I've synchronize the Shanghai-Los Angeles times, so that I can be writing during the same 48 hours as my playwright hosts: Ken Narasaki, Sujata Bhatt, Jason Fong, Soo-jin Lee, Andrea Apuy, Howard Ho and Sharon Omi. Ken has a friend in Ashland that may be writing along, and my friend Chen Gu in New Orleans might make a bake, too.

So midnight, November 25, I will have a 'play' or a dramatic fragment, or at least something written, where 2 days before, there was nothing. That is the beauty of the bakeoff: it can be as long or as short a piece of work as you like. And, it is both pressure and no pressure, because you feel the heat to write something within the 2 days, but how 'bad' could it be? It was done in such a short time. And that recipe is what allows flashes of ingenuity to emerge: the subconscious rising to the top, revealing itself in a kindly agitated state.

So join on in!

Anyone in this world can be a part of the Great International Play Bakeoff.

Labels: , , , , , , , , , , , , ,

Thursday, November 20, 2008

Fables (not necessarily of Faubus)

Besides my Nursing English classes, I conduct a 1-hour conversation class known as English Corner. It takes three to make a corner, and I usually get at least that. Those students willing to squeeze extra time to practice spoken English into their busy schedules are a brave lot, as speaking aloud, in front of their peers, in a foreign language does require a kind of courage.

It started with talking about seasons, the physical reality of seasons, my asking the students about their favorite season and then asking why. Why can be precarious. It can lead to many similar answers. It can lead to my handing them a Chinese-English dictionary, because they can say it in Chinese but not in English. Ah, generating new vocabulary. Um, not a lot write new words down. Conversation seems to be more about entertainment than retention. I eventually have the students rehash what we've talked about in the form of a 'conversation,' two at a time, in front of the class. It's a prompted performance, but it sure looks like a conversation. (The next goal is to shorten dead air time and have them face away from the blackboard where all the generated words and phrases have been recorded.)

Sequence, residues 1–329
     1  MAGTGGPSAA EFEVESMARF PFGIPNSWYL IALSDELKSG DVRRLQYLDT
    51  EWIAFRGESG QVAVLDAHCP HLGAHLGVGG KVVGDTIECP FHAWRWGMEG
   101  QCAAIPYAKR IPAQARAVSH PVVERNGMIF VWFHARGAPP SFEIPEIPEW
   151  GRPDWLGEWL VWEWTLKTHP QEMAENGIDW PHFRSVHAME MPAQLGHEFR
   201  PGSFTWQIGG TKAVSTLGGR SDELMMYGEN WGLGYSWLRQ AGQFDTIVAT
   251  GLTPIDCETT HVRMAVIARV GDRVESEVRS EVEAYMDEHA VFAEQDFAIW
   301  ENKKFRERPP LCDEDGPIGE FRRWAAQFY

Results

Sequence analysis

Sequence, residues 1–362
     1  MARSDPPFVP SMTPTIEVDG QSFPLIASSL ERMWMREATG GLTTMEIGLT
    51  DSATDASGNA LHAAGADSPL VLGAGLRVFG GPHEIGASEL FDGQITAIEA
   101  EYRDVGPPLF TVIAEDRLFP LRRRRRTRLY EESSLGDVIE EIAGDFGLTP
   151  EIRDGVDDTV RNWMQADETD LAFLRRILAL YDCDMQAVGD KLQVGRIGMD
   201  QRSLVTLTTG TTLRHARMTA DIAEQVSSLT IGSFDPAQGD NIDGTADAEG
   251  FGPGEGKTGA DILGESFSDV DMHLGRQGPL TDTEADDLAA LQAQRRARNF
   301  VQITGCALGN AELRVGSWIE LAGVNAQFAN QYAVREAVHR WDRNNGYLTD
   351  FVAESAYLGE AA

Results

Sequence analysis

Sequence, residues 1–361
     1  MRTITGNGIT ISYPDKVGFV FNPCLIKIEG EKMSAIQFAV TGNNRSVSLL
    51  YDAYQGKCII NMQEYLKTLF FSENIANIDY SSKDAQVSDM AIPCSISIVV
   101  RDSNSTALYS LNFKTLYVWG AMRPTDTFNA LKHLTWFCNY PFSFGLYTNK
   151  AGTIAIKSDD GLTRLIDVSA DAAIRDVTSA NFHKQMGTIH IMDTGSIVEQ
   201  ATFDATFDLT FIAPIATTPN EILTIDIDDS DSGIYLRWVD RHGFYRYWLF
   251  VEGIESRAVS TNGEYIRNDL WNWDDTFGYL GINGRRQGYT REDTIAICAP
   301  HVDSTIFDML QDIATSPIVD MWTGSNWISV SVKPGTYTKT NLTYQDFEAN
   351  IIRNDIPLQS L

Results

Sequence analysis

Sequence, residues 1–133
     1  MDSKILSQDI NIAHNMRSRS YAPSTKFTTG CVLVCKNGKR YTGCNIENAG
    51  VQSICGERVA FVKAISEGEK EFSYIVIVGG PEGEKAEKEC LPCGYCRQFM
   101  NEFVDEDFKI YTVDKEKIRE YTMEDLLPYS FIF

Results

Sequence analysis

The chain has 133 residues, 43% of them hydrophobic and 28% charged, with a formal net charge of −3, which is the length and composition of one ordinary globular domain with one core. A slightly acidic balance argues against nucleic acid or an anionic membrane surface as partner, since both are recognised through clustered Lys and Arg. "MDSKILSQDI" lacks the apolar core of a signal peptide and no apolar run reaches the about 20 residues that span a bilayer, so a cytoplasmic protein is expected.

I freaked them out talking about breakfast. American breakfast. All that meat. All those ways to cook an egg. All those starches and sugars. The mashed, fried, baked and hashed of it all. I tell them this is why Americans are so fat. They cringe and are relieved to have their rice porridge, steamed bun, and tea egg.

Two weeks ago, I hit upon gold. The telling of a fable in English. I took some text of the Meanings and Metaphor book which I had used for Speaking and Listening class and had the English Corner students read each, and then tell the fable again in their own English words. The great thing about fables is that there is that moral, and the Chinese definitely respond to lessons of morality. The fables always use animals as characters, which is shorthand in the global storytelling universe. Snakes seem always to be wicked. Foxes are clever. Dogs are dense. Rabbits impatient and cowardly. Turtles wise. Lions and Tigers ferocious and arrogant.

There were 4 fables to choose from:  2 from good ole Aesop, 1 from India, 1 from Turkey.

The quickie: A bird sings in a cage at night. A bat notices and asks, "Why do you only sing at night?" The bird answers, "When I sang in the daytime, I was heard and caught and put into this cage. So now I sing only at night." The bat flaps, "It's no good being careful now. You should have been more careful before you were caught."

The other Aesop, and least popular to rendit:  Once, the hares had a huge meeting and complained about how insecure and frightening their lives were. They were hunted by men and dogs and eagles, all sorts of animals. They decided it was better to die at that moment than live their lives feeling frightened. They ran together to a pond and jumped in to drown themselves.